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Trail Running in the Sierra Madre

Tanay Trail Run 2013 Love a Tree

A trail runner enjoys the hills, streams and fields of Tanay

Dawn broke around six. By that time I had already been running for about an hour. Normally, I would have already covered at least 10 kilometers, but when I checked the GPS app on my phone, it said that I had covered a paltry 7 kilometers.

My goal of finishing the trail run in 3 hours now appeared impossible as my legs seemed ready to burst battery acid if I kept up this pace. With my race goal now completely out of reach, there was nothing left to do… but enjoy the scenery, take lots of photos, and have fun on the trail.

50k trail runners rush out of the starting line of Love a Tree Ultramarathon

50k runners rush out of the starting line

The Love a Tree International Trail Ultramarathon was held  last February 10 in the Sierra Madre mountains in Tanay, Rizal. I signed up for the 24k race. Seasoned trail runners and committed masochists had signed up for the 50k ultra, but I knew I was not ready for that kind of challenge just yet.

Dawn breaks over the Sierra Madre mountains in Tanay, Rizal during the Love a Tree Ultramarathon

Dawn breaks over the Sierra Madre mountains in Tanay, Rizal

Based on what I experienced during my first trail run last November, I had an inkling that 24k on the trail was going to be several orders of magnitude harder than a road race. I also knew that it was going to be one hell of an adventure.

Trail runners negotiate a winding path on a hill during the Love a Tree Ultramarathon

Trail runners negotiate a winding path on a hill

I didn’t know though that the adventure would start even before I got to the race venue itself. Marcos Highway was fine enough to drive through, but the condition of the road going to the venue itself ranged from “you call this a road?” to “risk it if you’re suicidal.”

The sun begins to rise over the Sierra Madre mountains in Tanay during the Love a Tree Ultramarathon

The view from the summit.

My knuckles were white from gripping the steering wheel by the time I parked a 15-year old Honda City somewhere near the starting line. At least, the drive down that steep, rocky, pot-hole ridden non-road got my adrenaline pumping. Maybe that was the organizers’ intent all along.

Soldiers guard the route of the Love a Tree Ultramarathon

Did somebody say… gun time?

Soldiers guard the route of the Love a Tree Ultramarathon

Again, did somebody say gun time?

The gun time for the 24k racers was 5:00AM, and it was still very dark when I arrived there. Most of the racers had headlamps on, as the sun wouldn’t come up for another hour and a half. It was also quite cold up in the mountains. But everyone was in high spirits and raring to blast through the course.

Trail runners pounding the dirt during the Love a Tree Ultramarathon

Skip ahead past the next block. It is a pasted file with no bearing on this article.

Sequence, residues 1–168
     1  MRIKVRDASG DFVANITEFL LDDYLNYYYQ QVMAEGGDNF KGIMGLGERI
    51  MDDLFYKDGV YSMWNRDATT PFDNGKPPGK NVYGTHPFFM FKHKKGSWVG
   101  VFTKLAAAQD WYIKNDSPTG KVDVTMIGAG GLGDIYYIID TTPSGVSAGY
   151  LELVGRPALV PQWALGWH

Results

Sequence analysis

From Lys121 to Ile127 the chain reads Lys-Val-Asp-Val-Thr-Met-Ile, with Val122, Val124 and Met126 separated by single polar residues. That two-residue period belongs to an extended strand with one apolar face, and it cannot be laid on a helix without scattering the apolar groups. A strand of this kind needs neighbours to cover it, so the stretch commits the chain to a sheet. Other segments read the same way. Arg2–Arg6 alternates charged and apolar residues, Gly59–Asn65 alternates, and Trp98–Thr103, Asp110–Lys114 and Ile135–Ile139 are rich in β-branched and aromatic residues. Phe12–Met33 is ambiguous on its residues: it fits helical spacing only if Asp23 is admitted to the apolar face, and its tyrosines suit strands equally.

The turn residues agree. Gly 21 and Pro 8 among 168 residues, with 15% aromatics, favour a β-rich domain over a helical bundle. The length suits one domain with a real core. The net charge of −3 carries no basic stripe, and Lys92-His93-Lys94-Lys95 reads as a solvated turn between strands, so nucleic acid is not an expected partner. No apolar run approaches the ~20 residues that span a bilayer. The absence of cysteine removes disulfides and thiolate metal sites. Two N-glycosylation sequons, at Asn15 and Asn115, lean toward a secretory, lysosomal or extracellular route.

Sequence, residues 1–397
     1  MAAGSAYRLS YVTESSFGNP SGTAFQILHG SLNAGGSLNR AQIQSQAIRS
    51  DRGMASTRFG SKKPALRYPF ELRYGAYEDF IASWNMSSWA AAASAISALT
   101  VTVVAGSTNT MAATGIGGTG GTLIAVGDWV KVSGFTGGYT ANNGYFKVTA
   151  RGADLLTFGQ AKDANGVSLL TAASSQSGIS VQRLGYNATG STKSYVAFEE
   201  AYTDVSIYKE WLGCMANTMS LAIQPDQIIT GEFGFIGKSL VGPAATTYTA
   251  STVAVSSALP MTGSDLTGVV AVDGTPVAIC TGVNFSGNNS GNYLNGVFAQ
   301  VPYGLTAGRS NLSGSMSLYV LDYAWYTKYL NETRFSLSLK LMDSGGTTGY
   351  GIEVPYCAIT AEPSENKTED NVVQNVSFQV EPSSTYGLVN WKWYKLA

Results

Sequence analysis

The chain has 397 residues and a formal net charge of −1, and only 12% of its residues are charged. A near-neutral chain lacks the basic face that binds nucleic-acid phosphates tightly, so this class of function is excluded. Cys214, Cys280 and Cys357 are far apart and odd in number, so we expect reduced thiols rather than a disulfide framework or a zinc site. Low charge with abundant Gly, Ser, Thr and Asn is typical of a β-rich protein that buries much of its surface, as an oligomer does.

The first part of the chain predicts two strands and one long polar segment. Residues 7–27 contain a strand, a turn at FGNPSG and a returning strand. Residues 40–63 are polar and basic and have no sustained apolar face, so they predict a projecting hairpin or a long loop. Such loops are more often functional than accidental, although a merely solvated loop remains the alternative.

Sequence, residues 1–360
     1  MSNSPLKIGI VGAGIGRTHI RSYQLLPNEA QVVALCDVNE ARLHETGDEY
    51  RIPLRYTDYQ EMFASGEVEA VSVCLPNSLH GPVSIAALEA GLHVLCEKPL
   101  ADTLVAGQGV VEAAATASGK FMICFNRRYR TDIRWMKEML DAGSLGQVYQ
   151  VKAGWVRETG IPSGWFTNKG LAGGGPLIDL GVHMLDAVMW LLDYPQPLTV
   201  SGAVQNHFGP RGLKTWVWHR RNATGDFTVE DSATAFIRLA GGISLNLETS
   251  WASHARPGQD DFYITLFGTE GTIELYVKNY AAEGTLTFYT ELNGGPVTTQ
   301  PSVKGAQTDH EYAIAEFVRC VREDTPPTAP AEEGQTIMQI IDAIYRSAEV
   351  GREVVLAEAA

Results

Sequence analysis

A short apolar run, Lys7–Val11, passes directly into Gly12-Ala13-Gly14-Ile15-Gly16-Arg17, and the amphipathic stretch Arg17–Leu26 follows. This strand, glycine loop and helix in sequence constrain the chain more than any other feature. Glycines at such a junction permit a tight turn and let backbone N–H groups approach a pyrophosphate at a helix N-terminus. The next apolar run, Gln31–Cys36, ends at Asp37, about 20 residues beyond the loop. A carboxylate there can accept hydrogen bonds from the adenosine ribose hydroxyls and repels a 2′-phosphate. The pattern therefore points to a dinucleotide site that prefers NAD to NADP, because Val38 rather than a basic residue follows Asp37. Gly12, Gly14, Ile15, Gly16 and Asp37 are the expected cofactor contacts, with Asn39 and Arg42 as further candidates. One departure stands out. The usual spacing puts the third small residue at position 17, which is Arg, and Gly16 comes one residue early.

The friends you meet along the trail

When the gun fired, none of the racers sprinted ahead though. I guess this part of a trail runner’s strategy to conserve energy for the punishing ascents later on.

The punishing ascent came rather quickly. Five minutes into the race and we were already climbing up the same steep, rocky, pothole-plagued non-road where I drove down earlier. Everyone’s pace slowed to a zombie shuffle. I don’t know if anyone bothered running up that segment, but I didn’t see them.

Trail runners negotiate a stream during the Love a Tree Ultramarathon

We know it’s a race, but who says you can’t goof around and have a bit of fun? :)

The milder ascent of Marcos Highway was a relief for many who got the wind knocked out of them by the earlier ascent. By the time we got back on the trail, the sky was already starting to glow in the cool blue light signaling that dawn was less than an hour away. Morning was breaking.

A trail runner in the Sierra Madre mountains during the Love a Tree Ultramarathon

“Teka, ma-instagram nga to. Saan kaya malakas signal?” :)

When the sun started rising over the mountains, I was already atop the summit. What a view it was. Just breathtaking. But then again maybe my breath had already been taken earlier by the ludicrously steep ascent. Whatever.

Times like these confront you with an existential dillema. Should you push on hard and aim for the best time possible? Or should you take a pause to soak in the scenery, snap a few photos, and chat with fellow runners?

Runners going downhill during the Love a Tree Ultramarathon

Yes, the race is won on fast downhill stretches.
But you need the agility of a ninja to fly down technical trails.

I opted for the latter. Since I was not going to be a 3-hour finisher anyway, I thought that I might as well have a bit of fun. Here are some of the pics I took long the route.

Young kids greet runners with a smile along the route of the the Love a Tree Ultramarathon

“Good morning sir.” Good morning indeed.

Horses and kids along the route of the Love a Tree Ultramarathon

You don’t see sights like these everyday, and certainly not on a road race.

A clear stream on the route of the Love a Tree Ultramarathon

Yes, a river runs through it, nuff said.
I could take a dip here when I come back on my mountain bike.

But all in all it was still a pretty good run. I crossed the finish line at 4:00:09 (according to a race official). This was much better than my first trail run–a 21k event where I finished in 4:28:43. The GPS app on my phone meanwhile said that the 24k route I just ran actually totaled more than 28k. Not bad, I guess there was some improvement. The 21k uphill run which I did just two weeks earlier certainly helped prepare my legs for this.

Congrats to everyone who participated and had fun!

Trail runner crossing a stream during the Love a Tree Ultramarathon

The most important thing is to have fun during the race.

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